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Post by Cue4cheap » Wed Apr 21, 2021 5:21 am

jrr wrote:
Wed Apr 21, 2021 3:35 am
I had to delete the lines near the bottom of that .htaccess file as it turned out they blocked the display of the error results:

Code: Select all

RewriteCond %{QUERY_STRING} (sp_executesql) [NC]
RewriteRule ^(.*)$ - [F,L]
With the above in place no errors were displayed, deleting it brought them back. I don't understand code enough to know why, but at least it was easy to find!
Um... Displaying errors may not be what you want. Why not log them only?
Plus I feel you may want to have someone investigate if your database was compromised.
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Post by ADD Creative » Wed Apr 21, 2021 6:11 am

jrr wrote:
Tue Apr 20, 2021 3:33 pm
I don't think it was the extension, talking with the developer he pointed out:
Not related, it's most likely a "Script kiddie" sending out requests to try and get access to the website. Could be specifically someone trying to hack. They don't tend to last long and stop shortly after they start.

They type this in to the address bar:

/catalog_oc/index.php?route=product+category+or+1%27%3d%271%27+%2f**%2f%2f**%2fuNiOn%2f**%2fAlL+%2f**%2f%2f**%2fsElEcT+0x393631353738343330312e39%2c0x393631353738343330322e39%2c0x393...(on and on)...

In the hope that they can get something.
So, it is just punks trying to brute force their way into a loophole in the site.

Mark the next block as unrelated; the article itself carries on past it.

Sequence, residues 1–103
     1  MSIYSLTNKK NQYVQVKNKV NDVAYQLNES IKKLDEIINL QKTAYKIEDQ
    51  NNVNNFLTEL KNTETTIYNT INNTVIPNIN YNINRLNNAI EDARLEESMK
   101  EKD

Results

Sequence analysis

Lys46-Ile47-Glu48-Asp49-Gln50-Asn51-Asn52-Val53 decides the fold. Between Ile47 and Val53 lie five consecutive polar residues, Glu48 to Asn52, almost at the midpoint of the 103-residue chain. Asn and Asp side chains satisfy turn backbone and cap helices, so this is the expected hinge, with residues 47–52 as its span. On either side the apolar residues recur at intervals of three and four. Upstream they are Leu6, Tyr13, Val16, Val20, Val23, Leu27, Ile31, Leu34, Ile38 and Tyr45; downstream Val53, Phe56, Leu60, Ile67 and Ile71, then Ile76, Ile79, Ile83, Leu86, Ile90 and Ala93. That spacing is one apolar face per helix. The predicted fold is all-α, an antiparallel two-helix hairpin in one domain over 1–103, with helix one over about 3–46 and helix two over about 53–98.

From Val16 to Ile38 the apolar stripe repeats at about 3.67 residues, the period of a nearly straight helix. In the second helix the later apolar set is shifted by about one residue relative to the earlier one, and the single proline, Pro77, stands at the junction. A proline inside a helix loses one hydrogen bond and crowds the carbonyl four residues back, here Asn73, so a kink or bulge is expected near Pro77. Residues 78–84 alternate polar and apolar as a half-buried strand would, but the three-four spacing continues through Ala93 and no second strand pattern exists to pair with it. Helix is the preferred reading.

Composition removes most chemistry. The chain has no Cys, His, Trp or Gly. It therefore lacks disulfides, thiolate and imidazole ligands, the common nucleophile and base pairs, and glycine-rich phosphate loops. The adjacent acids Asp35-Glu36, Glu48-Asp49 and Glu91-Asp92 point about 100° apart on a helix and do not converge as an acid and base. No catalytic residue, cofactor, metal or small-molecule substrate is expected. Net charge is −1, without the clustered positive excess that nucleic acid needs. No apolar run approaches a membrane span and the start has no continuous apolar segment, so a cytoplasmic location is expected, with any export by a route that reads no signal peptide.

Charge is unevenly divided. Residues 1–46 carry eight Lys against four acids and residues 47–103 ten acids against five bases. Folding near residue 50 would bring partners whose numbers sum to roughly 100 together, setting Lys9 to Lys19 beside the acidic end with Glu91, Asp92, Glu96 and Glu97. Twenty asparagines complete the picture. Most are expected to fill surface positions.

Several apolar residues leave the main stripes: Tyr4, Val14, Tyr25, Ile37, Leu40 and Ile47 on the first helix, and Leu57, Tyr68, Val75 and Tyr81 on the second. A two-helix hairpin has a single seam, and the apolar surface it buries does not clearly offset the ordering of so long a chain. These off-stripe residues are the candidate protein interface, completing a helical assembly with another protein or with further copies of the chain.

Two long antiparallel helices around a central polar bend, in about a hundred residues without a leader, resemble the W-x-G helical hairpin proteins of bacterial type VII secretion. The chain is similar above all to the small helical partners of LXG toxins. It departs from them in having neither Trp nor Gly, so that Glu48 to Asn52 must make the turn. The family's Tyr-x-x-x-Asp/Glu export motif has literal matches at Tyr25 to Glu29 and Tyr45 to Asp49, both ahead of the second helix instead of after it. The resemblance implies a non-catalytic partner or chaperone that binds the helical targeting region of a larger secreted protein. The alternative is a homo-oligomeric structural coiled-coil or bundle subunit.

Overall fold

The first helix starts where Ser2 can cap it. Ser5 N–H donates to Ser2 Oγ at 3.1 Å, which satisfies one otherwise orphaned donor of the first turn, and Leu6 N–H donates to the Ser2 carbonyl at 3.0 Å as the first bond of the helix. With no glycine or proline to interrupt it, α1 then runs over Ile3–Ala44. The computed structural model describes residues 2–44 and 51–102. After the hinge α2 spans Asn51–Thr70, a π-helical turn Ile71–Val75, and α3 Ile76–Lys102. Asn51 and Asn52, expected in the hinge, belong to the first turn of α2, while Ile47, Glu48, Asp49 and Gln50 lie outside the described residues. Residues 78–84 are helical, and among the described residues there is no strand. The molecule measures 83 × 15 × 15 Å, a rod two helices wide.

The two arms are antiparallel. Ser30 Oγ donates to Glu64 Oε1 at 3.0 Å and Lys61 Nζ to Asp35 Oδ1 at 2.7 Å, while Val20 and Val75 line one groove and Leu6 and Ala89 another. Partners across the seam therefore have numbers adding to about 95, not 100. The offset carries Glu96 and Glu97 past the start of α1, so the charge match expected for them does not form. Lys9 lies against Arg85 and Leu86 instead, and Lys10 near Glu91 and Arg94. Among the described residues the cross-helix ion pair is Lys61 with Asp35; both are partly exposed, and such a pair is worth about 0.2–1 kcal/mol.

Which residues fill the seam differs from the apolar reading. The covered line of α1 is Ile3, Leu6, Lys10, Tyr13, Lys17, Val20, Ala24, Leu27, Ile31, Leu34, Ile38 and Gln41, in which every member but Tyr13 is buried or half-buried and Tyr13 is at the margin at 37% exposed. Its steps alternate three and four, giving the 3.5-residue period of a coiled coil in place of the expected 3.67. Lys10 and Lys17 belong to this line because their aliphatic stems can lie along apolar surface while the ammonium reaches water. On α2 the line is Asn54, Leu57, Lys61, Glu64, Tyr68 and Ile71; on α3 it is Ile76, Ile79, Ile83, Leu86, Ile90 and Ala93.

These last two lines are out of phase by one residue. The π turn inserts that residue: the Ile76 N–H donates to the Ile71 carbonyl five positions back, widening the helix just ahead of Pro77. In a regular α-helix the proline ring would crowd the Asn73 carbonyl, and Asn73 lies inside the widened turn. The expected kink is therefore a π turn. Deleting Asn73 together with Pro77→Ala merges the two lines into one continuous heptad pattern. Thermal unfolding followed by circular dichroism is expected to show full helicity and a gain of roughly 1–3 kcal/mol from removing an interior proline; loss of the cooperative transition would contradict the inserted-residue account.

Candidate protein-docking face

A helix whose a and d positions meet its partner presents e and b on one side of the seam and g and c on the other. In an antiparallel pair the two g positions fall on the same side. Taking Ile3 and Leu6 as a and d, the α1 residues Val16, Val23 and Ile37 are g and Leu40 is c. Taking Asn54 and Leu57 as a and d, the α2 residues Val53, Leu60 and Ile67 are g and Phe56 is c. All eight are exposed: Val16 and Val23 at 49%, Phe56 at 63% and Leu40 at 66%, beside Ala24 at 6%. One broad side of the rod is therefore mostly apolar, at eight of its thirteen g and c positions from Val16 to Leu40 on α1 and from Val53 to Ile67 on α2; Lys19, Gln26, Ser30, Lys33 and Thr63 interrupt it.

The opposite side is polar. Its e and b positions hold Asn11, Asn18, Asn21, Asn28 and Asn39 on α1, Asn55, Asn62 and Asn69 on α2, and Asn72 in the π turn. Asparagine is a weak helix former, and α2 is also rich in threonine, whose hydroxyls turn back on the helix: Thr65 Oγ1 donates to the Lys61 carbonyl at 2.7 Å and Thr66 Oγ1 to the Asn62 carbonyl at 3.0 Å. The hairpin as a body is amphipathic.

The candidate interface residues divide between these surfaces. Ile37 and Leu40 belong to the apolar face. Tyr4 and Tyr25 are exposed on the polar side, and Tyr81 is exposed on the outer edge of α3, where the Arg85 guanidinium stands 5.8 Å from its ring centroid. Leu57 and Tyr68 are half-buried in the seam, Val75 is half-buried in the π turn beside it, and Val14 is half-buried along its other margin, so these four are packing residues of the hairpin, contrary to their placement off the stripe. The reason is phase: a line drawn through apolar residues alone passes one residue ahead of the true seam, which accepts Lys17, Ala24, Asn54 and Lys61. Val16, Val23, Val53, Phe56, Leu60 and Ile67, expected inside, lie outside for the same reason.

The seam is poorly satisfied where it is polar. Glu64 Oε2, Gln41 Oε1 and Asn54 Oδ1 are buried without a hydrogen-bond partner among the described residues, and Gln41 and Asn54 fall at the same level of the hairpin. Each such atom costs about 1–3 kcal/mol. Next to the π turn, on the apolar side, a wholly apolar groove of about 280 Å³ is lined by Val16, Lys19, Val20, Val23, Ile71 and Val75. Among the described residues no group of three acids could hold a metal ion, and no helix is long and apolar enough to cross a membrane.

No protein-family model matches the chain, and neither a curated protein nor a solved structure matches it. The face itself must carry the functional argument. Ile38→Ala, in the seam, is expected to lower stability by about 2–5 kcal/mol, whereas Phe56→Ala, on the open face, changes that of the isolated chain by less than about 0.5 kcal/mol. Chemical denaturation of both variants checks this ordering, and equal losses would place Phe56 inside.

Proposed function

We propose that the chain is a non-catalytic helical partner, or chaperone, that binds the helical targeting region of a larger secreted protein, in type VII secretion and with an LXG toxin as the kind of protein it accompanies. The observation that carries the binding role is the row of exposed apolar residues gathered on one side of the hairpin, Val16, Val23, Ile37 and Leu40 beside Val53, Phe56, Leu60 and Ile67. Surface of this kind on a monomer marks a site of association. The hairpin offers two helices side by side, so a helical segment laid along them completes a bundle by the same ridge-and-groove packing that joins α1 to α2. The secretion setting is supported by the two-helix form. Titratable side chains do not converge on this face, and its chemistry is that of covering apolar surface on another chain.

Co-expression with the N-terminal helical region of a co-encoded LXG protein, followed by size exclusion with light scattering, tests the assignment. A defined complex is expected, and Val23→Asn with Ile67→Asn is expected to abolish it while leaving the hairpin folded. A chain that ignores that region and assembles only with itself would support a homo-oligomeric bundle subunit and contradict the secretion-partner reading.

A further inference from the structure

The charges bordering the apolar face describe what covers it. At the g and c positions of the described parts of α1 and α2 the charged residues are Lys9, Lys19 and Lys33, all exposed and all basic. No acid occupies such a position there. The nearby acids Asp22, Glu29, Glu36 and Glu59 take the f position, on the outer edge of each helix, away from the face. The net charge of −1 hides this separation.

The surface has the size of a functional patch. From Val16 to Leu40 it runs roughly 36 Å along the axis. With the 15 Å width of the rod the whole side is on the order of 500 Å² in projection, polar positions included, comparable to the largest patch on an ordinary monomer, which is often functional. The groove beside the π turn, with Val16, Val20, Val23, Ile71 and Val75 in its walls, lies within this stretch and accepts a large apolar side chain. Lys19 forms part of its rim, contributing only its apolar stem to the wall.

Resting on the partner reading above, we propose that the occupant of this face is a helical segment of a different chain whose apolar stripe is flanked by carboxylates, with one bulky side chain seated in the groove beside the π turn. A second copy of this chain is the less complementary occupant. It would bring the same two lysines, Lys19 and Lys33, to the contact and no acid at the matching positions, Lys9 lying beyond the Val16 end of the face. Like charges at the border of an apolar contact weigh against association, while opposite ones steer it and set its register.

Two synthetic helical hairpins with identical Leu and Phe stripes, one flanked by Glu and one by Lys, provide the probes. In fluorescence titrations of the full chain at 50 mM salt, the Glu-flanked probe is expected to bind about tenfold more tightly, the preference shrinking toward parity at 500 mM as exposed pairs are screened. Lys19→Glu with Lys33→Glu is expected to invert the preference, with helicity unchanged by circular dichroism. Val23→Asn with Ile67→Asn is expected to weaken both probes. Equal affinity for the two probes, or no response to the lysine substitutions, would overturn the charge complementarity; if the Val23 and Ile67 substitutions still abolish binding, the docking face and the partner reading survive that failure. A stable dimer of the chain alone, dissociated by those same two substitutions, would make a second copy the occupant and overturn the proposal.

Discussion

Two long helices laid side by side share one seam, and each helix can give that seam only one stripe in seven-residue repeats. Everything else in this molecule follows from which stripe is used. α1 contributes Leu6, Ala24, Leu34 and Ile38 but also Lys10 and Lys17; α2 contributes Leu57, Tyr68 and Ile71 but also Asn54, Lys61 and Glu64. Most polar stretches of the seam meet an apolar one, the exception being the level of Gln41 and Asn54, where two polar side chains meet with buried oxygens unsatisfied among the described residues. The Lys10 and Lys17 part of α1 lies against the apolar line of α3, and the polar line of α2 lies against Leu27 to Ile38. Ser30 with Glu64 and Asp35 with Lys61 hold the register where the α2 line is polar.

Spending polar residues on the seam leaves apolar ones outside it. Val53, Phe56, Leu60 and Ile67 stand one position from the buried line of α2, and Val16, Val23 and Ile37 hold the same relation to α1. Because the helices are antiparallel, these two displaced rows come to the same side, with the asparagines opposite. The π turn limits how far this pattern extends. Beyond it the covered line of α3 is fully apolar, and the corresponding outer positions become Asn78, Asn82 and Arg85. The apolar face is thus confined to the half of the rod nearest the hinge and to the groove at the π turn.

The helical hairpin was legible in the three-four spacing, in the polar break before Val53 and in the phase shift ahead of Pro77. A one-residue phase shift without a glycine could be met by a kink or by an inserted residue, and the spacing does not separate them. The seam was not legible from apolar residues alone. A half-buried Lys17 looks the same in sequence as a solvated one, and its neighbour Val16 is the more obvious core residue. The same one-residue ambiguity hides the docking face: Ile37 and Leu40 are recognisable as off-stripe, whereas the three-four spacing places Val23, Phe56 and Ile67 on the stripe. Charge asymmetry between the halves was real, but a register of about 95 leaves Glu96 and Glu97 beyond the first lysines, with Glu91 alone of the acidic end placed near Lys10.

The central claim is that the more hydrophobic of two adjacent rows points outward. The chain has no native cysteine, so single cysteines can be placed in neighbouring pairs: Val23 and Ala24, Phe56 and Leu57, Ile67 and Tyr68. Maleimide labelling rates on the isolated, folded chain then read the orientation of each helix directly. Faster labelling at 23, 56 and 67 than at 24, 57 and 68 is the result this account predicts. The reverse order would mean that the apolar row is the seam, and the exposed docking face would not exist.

Probably needs some .htaccess work to beat, but I'm tired now and heading off to sleep...
However I did find this site (and others) that offer suggestions on beating them at their own game https://www.ma-no.org/en/security/htacc ... s-and-xss# Note I revised this link to an earlier dated one that might be the original source. The other link was simply a copy.
If you are getting "PHP Fatal Error: Uncaught Exception: Error: You have an error in your SQL syntax" errors like the one you posted, then you do most likely have a SQL vulnerability. It's clear that data is being passed to that query without being properly escaped. It could just be someone testing, but it's possible that a attacker will make setval attempts before working out the correct input. You need to get that query fixed.

jrr wrote:
Wed Apr 21, 2021 3:35 am
I had to delete the lines near the bottom of that .htaccess file as it turned out they blocked the display of the error results:

Code: Select all

RewriteCond %{QUERY_STRING} (sp_executesql) [NC]
RewriteRule ^(.*)$ - [F,L]
With the above in place no errors were displayed, deleting it brought them back. I don't understand code enough to know why, but at least it was easy to find!